Friday, 11 January 2013

Skyfall is an Abridged Version of Christopher Nolan's Dark Knight Trilogy

In 2012, Skyfall director Sam Mendes said in an interview with The Playlist that The Dark Knight directly influenced his vision of the latest entry in the Bond franchise:
“In terms of what [Nolan] achieved, specifically The Dark Knight, the second movie, what it achieved, which is something exceptional. It was a game changer for everybody [...] What Nolan proved was that you can make a huge movie that is thrilling and entertaining and has a lot to say about the world we live in, even if, in the case with The Dark Knight, it’s not even set in our world… That did help give me the confidence to take this movie in directions that, without The Dark Knight, might not have been possible.”
When I first read this, I thought: "Oh, cool. Those Dark Knight movies were pretty chill so it'll be neat to see what sort of things Mendes will use in his movie that are reminiscent of them."

I was not expecting that they would be the exact same movies.

Now, I liked Skyfall. Don't get me wrong there. I thought it was a really fun and exciting film, and was a welcome addition to the 007 series. I especially thought Javier Bardem's performance as Raoul Silva deserved more praise than it received. That being said, I couldn't help the feeling that the whole thing seemed a bit... plagiarized.

So let's go through it, shall we?

Oh, and um... obligatory spoiler warning here. Obviously.


Reasons why Skyfall is an Abridged Version of Christopher Nolan's Dark Knight Trilogy:

Hero's parents are killed when he is young.
 
Hero is raised by kind old man after the death of his parents.
 
Stately manors.
 
With secret caves.

  
 Bad guy feels betrayed and seeks revenge.

Hero returns from an extended absence and is initially considered unfit for duty. 
And he has a beard.
 
Woman talks about how afraid she is of bad guy.
 
 China!

 Witty banter with guy who makes hero's gadgets.

 Bad guy dresses like a police officer and tries to kill a government official.

Unusual facial scars.

Bad guy is arrested...
 
...but it was part of his plan all along.
 
 
Authority figure's judgement is questioned.

Kick-ass car in a secret garage.

 Kick-ass car gets blown up.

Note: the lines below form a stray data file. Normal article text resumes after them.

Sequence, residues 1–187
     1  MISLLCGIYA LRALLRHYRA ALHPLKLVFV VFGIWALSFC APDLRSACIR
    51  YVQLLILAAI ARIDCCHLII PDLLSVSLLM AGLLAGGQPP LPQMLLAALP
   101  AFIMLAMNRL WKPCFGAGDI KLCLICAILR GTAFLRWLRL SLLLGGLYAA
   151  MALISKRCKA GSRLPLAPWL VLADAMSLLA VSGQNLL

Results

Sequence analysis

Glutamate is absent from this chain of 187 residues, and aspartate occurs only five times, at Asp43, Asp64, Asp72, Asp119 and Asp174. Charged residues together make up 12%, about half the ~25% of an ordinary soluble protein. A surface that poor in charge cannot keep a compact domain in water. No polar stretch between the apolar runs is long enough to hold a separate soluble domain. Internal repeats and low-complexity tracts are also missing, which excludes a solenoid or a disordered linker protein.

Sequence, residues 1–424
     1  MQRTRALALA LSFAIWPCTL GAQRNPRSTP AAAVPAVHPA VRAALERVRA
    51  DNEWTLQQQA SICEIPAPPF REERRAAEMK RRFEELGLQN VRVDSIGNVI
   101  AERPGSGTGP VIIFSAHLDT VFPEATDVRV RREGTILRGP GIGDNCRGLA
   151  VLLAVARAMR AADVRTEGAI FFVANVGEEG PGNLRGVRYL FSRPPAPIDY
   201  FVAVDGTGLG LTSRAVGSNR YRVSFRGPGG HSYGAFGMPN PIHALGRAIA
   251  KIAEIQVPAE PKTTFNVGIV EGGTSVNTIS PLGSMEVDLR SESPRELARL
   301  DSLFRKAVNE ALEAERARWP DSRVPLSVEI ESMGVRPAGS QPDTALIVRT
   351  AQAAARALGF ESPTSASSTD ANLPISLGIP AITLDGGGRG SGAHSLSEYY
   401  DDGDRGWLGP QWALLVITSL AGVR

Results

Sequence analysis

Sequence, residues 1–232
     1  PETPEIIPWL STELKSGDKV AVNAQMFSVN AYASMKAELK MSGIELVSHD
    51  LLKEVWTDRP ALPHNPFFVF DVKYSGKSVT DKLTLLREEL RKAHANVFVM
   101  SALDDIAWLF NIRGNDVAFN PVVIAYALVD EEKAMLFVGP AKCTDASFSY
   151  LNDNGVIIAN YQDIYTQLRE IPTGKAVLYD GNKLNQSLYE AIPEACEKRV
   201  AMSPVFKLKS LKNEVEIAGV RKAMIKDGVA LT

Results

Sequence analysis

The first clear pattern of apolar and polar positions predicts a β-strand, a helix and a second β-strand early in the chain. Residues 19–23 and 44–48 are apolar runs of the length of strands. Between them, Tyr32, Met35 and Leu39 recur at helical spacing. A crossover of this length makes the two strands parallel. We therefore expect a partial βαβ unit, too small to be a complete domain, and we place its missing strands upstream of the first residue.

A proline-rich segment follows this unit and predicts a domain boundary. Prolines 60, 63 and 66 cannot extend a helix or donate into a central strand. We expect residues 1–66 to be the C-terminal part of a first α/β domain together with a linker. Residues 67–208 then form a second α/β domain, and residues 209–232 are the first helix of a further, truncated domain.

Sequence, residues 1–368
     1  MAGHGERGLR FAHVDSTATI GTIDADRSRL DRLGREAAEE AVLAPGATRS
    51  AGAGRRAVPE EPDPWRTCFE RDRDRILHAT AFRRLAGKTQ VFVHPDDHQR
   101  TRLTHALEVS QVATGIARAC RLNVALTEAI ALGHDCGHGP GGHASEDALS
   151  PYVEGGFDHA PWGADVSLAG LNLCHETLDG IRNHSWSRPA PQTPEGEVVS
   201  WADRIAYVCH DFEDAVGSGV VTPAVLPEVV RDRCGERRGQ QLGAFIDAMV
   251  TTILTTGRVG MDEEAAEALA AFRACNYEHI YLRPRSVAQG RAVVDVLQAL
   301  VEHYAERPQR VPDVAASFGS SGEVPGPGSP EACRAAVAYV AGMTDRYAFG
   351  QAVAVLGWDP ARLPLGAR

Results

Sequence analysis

Hero's mansion gets burned down.

 
 Concludes with a glimpse of the future.


Conclusion: JAMES BOND IS THE GODDAMN BATMAN.

Or maybe I'm just being nitpicky.

9 comments:

  1. Im pretty sure you are not being nitpicky...

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    1. I'm pretty sure he is being nitpicky...

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    2. He's both nitpicking and got a point. Mendes did say he got some of his ideas from the Nolan Batman series. Perhaps "some" meant all of those "coincidences".

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  2. The fact that Bonds parents are both dead since he was a boy has long been established. There are books, old books, older then the Dark Knight series, that the movies are based on.

    The parallels you draw are jokes. "Kick-ass car in secret garage" you are right, that never happened in a Bond movie before..., "Witty banter with guy who makes hero's gadgets." Seriously? Is this the first Bond you have ever watched...?

    Just because a director praises another directors style does not mean the story is also inspiring to him. Nolan wrote the story to Dark Knight, yes, but Mendes did not write the story to Skyfall.

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    1. Lets not get too carried away... James Bond as a character was only created in 1953. Batman's (and his dead parents) been around since 1939.

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    2. Maybe I didn't clarify, Skyfall is not the same movie as TDK or TDKR. The comparisons are ridiculous.

      It is a whole other discussion if Flemming ripped off Kane by creating Bond. (Which I would say he didn't, but honestly, think what you want...)

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  3. I don't understand, of all the movies, Harry Potter is the nearest equivalent of Batman: he's parents die, mentored by someone (Defence Against The Dark Arts professors), suddenly decides to fight evil, deranged villains, and , as obvious it can get, puts a "mask" on to cover up their true feelings.

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  4. Does nobody here understand anything about films? There are only so many scenarios that we can use to make high-concept films. That being said, the fact that these characters have similar pasts and similar goals is because of their archetypes.

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  5. A nicle little case study in formulaic writing... I wonder how many other movies you could throw on those panels.


    If books and movies have taught me anything it's that being orphaned at a young age GUARANTEES a wise older mentor and a kick ass car.

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